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COOPER v. KIRKLAND

United States District Court, S.D. California


December 9, 2005.

DeANGELO MATHEW COOPER, Petitioner,
v.
RICHARD J. KIRKLAND, Warden, Respondent.

The opinion of the court was delivered by: IRMA GONZALEZ, District Judge

ORDER ADOPTING REPORT AND RECOMMENDATION AND DENYING PETITION FOR WRIT OF HABEAS CORPUS; DENYING CERTIFICATE OF APPEALABILITY [DOC NO. 16]
DeAngelo Mathew Cooper, a state prisoner proceeding pro se, has filed a petition for a writ of habeas corpus pursuant to 28 U.S.C. § 2254 challenging his February 11, 1999 conviction and subsequent sentence in San Diego County Superior Court Case No. SCD139243. The case was referred to Magistrate Judge Nita L. Stormes pursuant to 28 U.S.C. § 636(b)(1)(B) and Local Rule HC.2(a).

On October 4, 2005, Magistrate Judge Stormes issued a report and recommendation recommending that the petition be denied on the merits. Magistrate Judge Stormes ordered that any objections be filed on or before October 31, 2005. No objections have been filed.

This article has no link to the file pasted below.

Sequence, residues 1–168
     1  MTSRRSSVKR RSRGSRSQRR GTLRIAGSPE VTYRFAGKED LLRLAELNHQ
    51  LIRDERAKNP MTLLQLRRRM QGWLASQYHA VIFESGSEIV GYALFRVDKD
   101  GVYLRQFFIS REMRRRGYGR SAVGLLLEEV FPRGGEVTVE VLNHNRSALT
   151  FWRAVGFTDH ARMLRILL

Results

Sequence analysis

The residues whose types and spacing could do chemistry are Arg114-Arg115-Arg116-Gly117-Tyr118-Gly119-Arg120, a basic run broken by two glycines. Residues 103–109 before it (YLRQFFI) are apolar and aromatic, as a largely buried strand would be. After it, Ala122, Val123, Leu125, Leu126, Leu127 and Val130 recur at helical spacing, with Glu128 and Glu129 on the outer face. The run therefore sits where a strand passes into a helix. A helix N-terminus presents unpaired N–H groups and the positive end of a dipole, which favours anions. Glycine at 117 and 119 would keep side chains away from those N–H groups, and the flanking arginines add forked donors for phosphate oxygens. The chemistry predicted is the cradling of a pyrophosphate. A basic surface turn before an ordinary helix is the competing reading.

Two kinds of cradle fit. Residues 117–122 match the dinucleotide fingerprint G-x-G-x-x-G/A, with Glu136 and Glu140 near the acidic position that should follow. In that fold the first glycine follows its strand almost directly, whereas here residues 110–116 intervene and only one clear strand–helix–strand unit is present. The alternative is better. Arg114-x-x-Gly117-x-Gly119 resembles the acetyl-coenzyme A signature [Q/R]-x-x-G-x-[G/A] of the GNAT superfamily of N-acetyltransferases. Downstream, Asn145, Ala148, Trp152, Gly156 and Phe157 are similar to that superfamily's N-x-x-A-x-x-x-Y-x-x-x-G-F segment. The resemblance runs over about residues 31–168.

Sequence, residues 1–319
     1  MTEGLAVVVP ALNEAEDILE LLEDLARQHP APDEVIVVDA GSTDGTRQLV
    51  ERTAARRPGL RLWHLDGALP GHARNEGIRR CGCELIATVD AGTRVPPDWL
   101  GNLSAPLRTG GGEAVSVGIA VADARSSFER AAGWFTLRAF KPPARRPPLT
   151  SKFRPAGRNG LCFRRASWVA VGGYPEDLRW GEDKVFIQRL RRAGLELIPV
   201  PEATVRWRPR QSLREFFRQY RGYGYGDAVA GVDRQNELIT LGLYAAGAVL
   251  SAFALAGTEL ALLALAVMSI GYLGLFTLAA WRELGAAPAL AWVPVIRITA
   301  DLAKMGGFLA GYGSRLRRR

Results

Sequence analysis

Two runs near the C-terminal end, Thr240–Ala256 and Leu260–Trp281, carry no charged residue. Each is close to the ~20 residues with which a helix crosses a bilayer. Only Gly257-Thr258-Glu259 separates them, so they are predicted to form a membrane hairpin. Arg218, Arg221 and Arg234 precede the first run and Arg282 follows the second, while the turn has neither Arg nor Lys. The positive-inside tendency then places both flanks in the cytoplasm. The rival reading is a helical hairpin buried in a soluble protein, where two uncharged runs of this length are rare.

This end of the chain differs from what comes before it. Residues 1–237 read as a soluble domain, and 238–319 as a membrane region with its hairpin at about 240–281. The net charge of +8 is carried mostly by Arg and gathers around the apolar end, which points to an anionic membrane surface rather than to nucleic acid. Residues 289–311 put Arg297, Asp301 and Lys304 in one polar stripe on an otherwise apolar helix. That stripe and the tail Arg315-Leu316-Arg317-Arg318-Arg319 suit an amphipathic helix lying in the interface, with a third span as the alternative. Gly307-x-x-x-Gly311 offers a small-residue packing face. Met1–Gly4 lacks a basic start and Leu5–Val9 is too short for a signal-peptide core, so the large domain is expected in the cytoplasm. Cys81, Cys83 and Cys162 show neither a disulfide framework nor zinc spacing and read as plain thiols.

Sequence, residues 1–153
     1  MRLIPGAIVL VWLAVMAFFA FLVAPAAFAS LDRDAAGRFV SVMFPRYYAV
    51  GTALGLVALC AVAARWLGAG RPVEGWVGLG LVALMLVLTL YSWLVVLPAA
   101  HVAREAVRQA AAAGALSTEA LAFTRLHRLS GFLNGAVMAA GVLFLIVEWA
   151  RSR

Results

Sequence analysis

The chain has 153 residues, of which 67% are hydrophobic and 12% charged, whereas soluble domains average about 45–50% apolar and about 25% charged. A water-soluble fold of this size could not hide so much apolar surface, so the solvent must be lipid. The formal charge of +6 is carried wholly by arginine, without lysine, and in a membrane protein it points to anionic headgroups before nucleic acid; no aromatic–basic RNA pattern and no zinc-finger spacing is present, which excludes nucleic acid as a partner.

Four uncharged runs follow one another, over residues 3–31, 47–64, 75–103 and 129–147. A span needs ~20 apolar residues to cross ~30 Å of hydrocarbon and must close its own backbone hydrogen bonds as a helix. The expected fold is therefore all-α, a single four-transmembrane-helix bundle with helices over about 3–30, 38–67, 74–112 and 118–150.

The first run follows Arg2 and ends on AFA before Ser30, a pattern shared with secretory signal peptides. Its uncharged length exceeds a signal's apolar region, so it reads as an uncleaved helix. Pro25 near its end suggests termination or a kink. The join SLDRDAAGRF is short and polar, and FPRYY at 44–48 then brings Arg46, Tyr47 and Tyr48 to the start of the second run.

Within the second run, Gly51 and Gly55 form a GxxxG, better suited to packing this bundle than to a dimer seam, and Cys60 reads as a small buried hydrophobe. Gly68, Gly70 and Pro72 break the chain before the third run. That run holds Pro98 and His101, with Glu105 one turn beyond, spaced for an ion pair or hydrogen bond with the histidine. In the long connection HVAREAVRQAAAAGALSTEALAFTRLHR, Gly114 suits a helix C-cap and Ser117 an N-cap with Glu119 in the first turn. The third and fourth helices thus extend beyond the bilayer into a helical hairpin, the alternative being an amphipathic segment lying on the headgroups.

The Court, having reviewed de novo Magistrate Judge Stormes' report and recommendation, finds it to be well-reasoned. The Court, therefore, adopts the report and recommendation in full. The petition for a writ of habeas corpus is DENIED.

  On September 26, 2005, prior to issuance of the report and recommendation, Petitioner filed a request for a certificate of appealability. A certificate of appealability is authorized "if the applicant has made a substantial showing of the denial of a constitutional right." 28 U.S.C. § 2253(c)(2). When a petitioner's claims have been denied on their merits, as here, a petitioner can meet the threshold "substantial showing of the denial of a constitutional right," by demonstrating that: (1) the issues are debatable among jurists of reason; or (2) that a court could resolve the issues in a different manner; or (3) that the questions are adequate to deserve encouragement to proceed further. Lambright v. Stewart, 220 F.3d 1022, 1024-25 (9th Cir. 2000), citing Slack v. McDaniel, 529 U.S. 473 (2000). Upon review, the Court concludes that Petitioner has not made a "substantial showing of the denial of a constitutional right." Petitioner's claims plainly lack merit. Therefore, his request for a certificate of appealability [Doc. No. 16] is also DENIED.

  IT IS SO ORDERED.

20051209

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